Lam: In the beginning of your book, you wrote that the American dream that had motivated unions, like SEIU, was replaced by “a paralyzing anxiety” around 2010. Can you talk more about that?
Stern: I'd spent my life believing that there was a way to continue what had been an enduring dream in this country that every generation of children did better than its parents. I lived that as a welfare worker—watching the sons and daughters of coal miners and autoworkers go to college and get white-collar jobs.
By 2010 though, the labor movement that I loved had gone from representing one in three or four American workers to one in 16 in the private sector. I could not figure out anymore how a shrinking labor movement, a changing economy, a changing structure of work could accomplish what I had spent 28 years trying to do—which is have the American dream continue.
So, out of ideas and realizing that something different was going on in the economy, I found it very hard to keep doing what I was doing and expecting that I'd get a different result. Unexpectedly to many, but very logically to me, if you can't figure out where you're leading an organization, it's pretty hard to get up everyday and go to work. So I resigned.
Lam: What were you trying to accomplish and what felt so impossible about that?
Stern: Our union had grown over a million members. We've seen the lives of many home-care, childcare, security officers, and other low wageworkers' lives change because of the union. But for all the time we were growing, the rest of the labor movement was shrinking. Inequality was rising. Wages overall were flat.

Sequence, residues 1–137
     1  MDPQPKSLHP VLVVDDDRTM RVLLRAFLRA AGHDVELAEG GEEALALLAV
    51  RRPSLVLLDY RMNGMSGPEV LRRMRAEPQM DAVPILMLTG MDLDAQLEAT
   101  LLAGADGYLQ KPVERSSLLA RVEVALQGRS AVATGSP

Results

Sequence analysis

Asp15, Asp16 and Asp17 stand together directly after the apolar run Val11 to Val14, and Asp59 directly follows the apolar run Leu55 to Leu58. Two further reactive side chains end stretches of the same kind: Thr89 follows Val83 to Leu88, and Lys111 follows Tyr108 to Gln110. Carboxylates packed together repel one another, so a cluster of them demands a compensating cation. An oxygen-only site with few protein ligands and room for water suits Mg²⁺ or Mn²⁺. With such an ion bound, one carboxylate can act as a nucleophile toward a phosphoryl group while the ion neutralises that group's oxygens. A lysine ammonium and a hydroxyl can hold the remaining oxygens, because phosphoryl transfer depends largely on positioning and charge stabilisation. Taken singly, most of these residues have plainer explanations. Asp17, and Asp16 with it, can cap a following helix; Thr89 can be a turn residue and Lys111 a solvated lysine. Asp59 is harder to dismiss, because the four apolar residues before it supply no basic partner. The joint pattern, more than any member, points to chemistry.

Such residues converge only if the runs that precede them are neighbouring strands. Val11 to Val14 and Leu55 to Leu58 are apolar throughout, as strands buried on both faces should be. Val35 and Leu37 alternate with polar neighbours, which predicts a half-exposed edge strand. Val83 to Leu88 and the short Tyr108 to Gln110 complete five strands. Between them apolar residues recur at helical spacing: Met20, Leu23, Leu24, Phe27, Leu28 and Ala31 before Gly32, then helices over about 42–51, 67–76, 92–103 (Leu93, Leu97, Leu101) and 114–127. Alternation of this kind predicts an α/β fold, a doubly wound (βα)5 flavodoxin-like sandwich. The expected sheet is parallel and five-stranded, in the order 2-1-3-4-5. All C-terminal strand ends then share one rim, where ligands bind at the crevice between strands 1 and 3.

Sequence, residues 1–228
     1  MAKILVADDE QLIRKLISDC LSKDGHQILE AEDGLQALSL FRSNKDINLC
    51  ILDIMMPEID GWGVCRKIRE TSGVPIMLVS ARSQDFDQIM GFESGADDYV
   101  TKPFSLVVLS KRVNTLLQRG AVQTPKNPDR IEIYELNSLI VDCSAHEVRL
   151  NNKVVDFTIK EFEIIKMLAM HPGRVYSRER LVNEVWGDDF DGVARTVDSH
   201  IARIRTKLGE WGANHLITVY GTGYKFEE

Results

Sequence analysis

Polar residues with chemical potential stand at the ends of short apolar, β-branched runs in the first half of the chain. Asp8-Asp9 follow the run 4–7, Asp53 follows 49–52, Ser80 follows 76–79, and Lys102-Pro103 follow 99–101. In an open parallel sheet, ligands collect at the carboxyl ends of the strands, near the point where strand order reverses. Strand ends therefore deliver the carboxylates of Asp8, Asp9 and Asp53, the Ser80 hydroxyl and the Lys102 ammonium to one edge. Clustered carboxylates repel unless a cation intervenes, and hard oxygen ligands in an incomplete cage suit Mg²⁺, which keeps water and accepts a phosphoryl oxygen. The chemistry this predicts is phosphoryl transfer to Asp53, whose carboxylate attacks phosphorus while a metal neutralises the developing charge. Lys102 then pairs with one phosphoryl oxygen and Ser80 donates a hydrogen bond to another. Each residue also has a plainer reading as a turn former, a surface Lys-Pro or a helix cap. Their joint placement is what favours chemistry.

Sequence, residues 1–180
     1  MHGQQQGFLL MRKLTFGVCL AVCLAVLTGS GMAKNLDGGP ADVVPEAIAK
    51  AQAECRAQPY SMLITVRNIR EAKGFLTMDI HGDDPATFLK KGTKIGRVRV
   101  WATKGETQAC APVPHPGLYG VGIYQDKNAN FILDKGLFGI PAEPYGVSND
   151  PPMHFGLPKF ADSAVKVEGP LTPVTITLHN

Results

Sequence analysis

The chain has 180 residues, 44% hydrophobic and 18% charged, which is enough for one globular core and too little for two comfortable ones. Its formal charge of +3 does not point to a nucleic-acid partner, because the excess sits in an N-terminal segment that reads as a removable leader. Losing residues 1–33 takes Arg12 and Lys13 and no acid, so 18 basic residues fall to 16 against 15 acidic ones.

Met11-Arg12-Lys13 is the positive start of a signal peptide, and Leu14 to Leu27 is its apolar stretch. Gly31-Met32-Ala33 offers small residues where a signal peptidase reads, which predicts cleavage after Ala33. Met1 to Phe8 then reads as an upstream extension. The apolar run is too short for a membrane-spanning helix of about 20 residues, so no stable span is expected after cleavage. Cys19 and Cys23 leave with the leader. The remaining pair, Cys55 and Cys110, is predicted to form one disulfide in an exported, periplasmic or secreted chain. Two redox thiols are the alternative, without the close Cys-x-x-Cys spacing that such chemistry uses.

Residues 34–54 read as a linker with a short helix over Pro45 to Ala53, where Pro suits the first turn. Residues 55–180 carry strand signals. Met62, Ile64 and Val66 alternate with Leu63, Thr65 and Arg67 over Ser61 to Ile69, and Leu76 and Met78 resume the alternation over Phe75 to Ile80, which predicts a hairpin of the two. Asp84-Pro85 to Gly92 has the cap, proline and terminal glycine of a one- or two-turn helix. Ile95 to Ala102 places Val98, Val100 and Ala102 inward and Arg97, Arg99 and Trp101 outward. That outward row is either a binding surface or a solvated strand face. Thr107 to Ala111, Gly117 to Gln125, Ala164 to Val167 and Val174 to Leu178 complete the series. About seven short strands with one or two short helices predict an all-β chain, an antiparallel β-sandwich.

Today, we know that less than half of Americans believe that the American Dream is possible anymore. It's very hard to keep doing the job you're doing when you don't think it has the potential to produce results.
Lam: One of your arguments in your book is that unionizing is, in some ways, no longer enough.
Stern: Unfortunately, labor unions now play a particularly boutique role in the economy. When they represented one in three workers and were able to, as economists say, take wages out of competition for autoworkers or steelworkers so that companies competed based on quality and efficiency, not who could pay the least, they served a very economy-wide function.
Now, in certain labor markets—like New York or Chicago—unions play important roles, but they clearly are not in the position, other than in professional sports, to really create a level playing field amongst companies to add value on a large enough scale. So for the workers that are in them, they're an incredible opportunity. But, many people sort of don't understand how you get in one—it seems like a secret society at times. The unions have become more and more involved in the public sector rather than the private sector. It's hard to see in the private sector how traditional unions are willing and able to scale up like an Uber or AirBnB.